Nancy Hill, as President and Chief Executive Officer of the 4A's since 2008, has guided the association's transformation to provide leadership, advocacy and guidance to the advertising community on issues such as patent trolling, online privacy and interest-based advertising, compensation and talent. She has personally led the 4A's work on diversity including recruitment, talent development and media buying guidelines.
A veteran of agencies across the country, she began her career in advertising in 1983 at Doner/Baltimore, where she spent 10 years. This was followed by work at TBWA\Chiat\Day in both St. Louis and Los Angeles, before moving to San Francisco to lead Goldberg Moser O'Neill, which became Hill Holliday in 2001. After that, she joined BBDO where she was executive vice president and managing director for New York, overseeing several of the agency's largest accounts. Her most recent position prior to joining the 4A's was Chief Executive Officer of Lowe New York.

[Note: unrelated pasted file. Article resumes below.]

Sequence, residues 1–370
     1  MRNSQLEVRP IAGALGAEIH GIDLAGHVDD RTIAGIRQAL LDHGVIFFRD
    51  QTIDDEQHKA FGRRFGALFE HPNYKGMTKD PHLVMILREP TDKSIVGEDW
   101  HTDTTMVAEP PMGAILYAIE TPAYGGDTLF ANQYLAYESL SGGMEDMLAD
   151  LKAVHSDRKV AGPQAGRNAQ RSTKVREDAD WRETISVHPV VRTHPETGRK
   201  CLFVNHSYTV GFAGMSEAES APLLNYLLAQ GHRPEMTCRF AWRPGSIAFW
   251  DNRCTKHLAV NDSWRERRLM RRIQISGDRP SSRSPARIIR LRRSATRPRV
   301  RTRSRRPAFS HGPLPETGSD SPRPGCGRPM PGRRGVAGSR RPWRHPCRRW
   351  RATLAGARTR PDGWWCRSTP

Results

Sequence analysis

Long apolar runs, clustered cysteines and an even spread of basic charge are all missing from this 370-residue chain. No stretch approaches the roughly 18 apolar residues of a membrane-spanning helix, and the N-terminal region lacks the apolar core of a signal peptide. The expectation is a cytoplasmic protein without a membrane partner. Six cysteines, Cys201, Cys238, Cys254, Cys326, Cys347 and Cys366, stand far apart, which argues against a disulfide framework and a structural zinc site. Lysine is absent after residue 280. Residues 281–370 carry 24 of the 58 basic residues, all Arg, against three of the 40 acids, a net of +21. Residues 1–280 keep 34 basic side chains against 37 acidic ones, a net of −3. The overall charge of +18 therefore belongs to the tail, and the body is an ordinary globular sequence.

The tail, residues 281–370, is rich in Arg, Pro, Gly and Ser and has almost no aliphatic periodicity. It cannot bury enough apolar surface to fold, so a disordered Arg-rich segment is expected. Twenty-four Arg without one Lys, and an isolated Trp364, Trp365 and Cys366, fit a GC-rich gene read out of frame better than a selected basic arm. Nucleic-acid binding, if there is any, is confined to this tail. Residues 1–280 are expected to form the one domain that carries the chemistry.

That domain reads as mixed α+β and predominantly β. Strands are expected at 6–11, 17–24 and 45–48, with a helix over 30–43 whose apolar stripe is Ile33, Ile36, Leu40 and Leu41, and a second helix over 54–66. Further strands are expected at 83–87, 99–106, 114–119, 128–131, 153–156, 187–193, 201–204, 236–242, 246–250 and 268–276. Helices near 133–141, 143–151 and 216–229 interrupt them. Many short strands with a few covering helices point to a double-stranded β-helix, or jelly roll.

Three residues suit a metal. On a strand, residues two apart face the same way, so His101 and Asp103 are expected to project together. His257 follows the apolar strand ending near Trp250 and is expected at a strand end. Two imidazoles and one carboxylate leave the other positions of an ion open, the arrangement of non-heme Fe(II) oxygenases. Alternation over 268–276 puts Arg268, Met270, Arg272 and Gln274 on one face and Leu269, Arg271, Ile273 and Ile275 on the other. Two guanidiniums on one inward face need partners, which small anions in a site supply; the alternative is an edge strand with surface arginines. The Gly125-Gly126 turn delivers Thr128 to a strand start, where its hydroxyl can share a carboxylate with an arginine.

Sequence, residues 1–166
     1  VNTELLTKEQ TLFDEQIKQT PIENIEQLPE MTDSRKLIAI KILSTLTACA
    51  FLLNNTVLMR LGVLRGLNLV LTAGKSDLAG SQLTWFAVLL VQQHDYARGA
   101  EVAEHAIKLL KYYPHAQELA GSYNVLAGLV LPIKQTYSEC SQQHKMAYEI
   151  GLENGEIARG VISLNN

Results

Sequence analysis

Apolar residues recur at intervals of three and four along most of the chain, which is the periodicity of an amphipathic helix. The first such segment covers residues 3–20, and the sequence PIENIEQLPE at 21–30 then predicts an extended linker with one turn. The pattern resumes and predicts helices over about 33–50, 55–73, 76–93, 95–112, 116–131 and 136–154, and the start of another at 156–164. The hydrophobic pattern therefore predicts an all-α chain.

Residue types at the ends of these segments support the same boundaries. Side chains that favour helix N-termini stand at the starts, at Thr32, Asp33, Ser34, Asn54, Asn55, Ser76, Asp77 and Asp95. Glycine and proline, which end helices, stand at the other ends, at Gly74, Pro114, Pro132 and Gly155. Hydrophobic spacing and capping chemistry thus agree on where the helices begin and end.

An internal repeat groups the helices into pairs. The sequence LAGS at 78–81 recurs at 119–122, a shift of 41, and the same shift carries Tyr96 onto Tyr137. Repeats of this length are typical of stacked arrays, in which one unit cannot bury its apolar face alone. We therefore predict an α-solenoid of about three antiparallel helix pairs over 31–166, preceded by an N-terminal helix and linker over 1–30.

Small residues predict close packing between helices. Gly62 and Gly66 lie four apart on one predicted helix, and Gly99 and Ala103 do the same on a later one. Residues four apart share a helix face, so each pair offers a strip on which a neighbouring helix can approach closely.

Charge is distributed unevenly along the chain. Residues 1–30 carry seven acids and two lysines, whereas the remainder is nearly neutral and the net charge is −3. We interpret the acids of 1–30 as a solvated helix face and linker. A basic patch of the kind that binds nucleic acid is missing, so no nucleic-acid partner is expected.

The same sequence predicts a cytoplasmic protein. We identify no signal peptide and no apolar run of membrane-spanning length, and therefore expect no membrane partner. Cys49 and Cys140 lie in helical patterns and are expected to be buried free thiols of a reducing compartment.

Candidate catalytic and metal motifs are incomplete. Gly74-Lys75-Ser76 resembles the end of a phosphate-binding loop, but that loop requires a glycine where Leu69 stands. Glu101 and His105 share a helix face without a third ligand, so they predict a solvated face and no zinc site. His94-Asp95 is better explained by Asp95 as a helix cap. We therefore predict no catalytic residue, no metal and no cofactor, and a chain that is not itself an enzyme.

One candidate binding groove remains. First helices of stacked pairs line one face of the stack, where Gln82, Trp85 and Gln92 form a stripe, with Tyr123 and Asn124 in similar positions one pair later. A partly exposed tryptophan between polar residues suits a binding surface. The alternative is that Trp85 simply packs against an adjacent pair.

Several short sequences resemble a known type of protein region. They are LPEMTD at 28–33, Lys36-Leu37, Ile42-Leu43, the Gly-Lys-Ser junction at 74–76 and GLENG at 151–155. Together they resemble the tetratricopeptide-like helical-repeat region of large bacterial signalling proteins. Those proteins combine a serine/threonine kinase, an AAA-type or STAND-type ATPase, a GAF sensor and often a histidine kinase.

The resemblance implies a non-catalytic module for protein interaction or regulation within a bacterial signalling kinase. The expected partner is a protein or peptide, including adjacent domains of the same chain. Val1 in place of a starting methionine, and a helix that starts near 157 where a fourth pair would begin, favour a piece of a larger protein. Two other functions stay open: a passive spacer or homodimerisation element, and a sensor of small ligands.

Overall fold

In April 2013, Nancy was recognized by AWNY (Advertising Women of New York) with itsChanging the Game Award. She was named one of Advertising Age's 100 Most Influential Women in Advertising History and was honored as a Woman to Watch by Ad Age. Both the Arthritis Foundation and the Girl Scouts named her as a Woman of Distinction. She has served on the Board of Directors of the Miami Ad School and led the launch of its San Francisco campus.
Currently she serves on the Board of Directors of The Partnership at drugfree.org, The Ad Council, The National Advertising Review Council, TORCH, AdColor, The Digital Advertising Alliance and The Marcus Graham Project. She is also a Trustee of the University of Mount Union in Ohio and is an active member of the Board of People Helping People, an organization that builds schools and sponsors children for further education in Otavalo, Ecuador, where she has had a home for several years.